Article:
White Sox GM debating whether to “turn over entire roster”

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Ken Williams is never shy about making big moves and the White Sox general manager said yesterday that he’s considering whether to “turn over the entire roster” if the third-place, 50-51 team doesn’t show signs of improvement between now and Sunday’s trade deadline.

Williams told Doug Padilla of ESPN Chicago that the White Sox have some proposed deals on the table that would kick-start a rebuilding effort by trading away veterans, but denied specific reports about offering Edwin Jackson and Matt Thornton to the Cardinals for Colby Rasmus.

I don’t want anyone to feel as though anything imminent is coming. I want the focus to be on these next number of games so we can put ourselves in position to maybe add rather than to subtract. I would much rather continue to fight the fight, but we need a little more consistency.

On one hand, you can look toward potentially adding. We’d have to add creatively because of the financial situation right now. And on the other hand, maybe this is the most opportune time to turn over the entire roster and get some young, exciting players in here and go that route.

An interesting subplot to Williams potentially dealing away multiple veterans is whether he’d still want Ozzie Guillen around to manage the rebuild and/or whether Guillen would want to go elsewhere rather than suffer through some lean times with a much younger roster.

In addition to Jackson and Thornton, some other White Sox veterans who could potentially appeal to contenders include Carlos Quentin, Gavin Floyd, A.J. Pierzynski, Omar Vizquel, and Jesse Crain. Paul Konerko and Mark Buehrle presumably aren’t going anywhere and it’s tough to imagine any teams pursuing Juan Pierre, Jake Peavy, Alex Rios, or Adam Dunn.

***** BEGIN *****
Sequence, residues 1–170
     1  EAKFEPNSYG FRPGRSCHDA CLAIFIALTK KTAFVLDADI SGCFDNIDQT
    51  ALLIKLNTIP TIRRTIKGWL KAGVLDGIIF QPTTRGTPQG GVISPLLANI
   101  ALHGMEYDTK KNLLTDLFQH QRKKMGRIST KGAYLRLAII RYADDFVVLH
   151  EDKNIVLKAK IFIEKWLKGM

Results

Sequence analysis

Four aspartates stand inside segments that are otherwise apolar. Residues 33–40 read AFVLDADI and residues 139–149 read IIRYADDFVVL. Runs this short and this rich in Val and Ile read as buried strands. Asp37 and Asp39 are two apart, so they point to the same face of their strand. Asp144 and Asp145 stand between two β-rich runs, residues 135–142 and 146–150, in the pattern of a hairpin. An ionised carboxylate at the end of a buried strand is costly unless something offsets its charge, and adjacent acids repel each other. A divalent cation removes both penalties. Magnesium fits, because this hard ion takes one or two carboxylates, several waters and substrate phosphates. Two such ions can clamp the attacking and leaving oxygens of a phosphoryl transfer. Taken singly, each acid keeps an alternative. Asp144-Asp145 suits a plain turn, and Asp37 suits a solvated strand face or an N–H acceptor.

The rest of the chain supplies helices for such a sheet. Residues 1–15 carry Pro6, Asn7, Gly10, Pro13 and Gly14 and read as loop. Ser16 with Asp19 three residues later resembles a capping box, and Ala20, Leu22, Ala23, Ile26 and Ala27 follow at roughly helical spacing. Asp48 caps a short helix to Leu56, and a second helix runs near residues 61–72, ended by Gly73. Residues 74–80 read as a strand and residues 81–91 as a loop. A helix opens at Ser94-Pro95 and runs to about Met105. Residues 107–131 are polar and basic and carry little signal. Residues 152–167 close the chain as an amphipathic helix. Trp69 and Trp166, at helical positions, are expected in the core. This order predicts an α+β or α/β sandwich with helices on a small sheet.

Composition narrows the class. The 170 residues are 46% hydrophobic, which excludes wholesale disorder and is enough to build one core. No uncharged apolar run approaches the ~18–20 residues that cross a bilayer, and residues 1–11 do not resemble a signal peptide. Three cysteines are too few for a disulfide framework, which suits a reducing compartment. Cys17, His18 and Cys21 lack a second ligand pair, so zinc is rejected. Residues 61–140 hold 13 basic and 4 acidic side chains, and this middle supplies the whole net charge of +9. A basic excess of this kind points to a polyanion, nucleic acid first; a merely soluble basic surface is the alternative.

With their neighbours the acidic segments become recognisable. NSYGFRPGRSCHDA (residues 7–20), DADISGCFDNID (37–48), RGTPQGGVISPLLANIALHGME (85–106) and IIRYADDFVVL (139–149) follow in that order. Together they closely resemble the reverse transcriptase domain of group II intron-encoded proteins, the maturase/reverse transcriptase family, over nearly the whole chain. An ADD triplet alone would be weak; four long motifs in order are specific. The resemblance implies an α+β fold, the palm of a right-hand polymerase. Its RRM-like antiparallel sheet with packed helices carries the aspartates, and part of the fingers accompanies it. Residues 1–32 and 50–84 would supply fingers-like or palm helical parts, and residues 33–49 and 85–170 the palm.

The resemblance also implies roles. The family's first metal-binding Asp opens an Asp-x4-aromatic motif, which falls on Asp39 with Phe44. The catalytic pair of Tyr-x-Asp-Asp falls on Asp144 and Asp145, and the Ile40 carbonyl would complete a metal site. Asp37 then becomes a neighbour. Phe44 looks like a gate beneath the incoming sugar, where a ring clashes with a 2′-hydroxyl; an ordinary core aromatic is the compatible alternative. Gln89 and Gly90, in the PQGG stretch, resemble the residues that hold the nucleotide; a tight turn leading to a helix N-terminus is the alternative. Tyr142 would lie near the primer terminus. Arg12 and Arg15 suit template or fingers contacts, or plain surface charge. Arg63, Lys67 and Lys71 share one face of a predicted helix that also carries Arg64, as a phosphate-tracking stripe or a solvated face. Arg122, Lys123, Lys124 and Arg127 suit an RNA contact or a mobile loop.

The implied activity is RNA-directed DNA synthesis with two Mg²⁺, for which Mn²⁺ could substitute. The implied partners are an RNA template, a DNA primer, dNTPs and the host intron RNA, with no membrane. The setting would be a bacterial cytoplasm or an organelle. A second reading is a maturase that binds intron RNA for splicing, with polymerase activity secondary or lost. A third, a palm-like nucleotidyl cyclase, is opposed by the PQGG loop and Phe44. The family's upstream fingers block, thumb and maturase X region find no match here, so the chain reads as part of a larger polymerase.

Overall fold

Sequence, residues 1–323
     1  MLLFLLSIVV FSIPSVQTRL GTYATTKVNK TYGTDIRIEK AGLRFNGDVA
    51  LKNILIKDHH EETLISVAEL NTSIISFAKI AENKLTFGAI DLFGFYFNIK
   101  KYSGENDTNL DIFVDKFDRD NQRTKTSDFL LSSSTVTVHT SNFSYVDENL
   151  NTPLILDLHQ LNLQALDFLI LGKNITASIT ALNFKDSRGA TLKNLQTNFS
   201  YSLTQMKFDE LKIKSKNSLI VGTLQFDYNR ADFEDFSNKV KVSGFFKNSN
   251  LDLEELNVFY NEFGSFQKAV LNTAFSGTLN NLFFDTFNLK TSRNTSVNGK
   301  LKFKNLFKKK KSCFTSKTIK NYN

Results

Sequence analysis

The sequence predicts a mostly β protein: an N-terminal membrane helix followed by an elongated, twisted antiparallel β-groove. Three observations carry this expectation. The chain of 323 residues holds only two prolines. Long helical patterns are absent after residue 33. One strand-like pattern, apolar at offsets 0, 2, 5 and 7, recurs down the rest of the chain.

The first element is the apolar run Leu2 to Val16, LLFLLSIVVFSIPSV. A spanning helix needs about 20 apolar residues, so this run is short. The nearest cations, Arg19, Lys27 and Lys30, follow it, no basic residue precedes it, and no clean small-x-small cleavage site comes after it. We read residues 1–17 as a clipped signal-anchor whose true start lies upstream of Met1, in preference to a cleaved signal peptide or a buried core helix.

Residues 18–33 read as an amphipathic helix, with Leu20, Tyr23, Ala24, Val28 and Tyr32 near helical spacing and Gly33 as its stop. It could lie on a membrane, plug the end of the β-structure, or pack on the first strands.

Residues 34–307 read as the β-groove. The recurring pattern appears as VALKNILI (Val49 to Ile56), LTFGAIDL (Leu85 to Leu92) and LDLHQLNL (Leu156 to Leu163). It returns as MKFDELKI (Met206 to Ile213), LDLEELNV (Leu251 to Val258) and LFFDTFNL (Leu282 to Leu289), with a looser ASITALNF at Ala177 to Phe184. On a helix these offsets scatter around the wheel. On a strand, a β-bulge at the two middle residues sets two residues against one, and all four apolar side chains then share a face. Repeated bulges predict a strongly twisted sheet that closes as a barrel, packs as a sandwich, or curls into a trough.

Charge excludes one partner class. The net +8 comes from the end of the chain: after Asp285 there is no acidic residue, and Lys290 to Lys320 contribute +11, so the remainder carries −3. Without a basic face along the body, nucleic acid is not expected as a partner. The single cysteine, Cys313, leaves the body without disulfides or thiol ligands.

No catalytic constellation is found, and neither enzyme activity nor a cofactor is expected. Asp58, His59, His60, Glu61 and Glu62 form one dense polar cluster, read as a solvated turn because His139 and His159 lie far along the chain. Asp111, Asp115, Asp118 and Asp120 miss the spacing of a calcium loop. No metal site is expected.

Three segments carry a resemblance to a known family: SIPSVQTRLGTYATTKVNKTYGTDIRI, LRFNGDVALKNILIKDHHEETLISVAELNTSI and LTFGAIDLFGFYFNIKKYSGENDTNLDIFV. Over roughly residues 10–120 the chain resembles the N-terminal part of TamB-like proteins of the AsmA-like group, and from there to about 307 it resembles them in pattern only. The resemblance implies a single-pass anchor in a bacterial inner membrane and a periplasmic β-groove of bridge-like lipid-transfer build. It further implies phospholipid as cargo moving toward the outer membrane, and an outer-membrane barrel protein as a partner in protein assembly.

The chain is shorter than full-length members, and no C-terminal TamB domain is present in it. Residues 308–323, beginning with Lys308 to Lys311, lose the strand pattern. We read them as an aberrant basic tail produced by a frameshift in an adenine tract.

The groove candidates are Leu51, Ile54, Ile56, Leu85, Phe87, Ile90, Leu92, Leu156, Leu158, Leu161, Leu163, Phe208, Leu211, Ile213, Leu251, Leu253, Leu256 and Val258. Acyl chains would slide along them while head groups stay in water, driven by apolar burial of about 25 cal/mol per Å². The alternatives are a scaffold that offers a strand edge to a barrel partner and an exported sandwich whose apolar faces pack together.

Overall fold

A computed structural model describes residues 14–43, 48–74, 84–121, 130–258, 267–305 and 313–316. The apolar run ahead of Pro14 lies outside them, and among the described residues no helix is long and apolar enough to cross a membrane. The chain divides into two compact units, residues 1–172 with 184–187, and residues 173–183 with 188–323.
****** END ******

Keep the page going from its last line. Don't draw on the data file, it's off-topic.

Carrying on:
Report: Mets have discussed a Matt Harvey trade with at least two teams

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Kristie Ackert of the New York Daily News reports that the Mets have discussed a trade involving starter Matt Harvey with at least two teams. Apparently, the Mets were even willing to move Harvey for a reliever.

The Mets tendered Harvey a contract on December 1. He’s entering his third and final year of arbitration eligibility and will likely see a slight bump from last season’s salary of $5.125 million. As a result, there was some thought going into late November that the Mets would non-tender Harvey.

Harvey, 28, made 18 starts and one relief appearance last year and had horrendous results. He put up a 6.70 ERA with a 67/47 K/BB ratio in 92 2/3 innings. Between his performance, his impending free agency, and his injury history, the Mets aren’t likely to get much back in return for Harvey. Even expecting a reliever in return may be too lofty.

Along with bullpen help, the Mets also need help at second base, first base, and the outfield. They don’t have many resources with which to address those needs. Ackert described the Mets’ resources as “a very limited stash of prospects” and “limited payroll space.”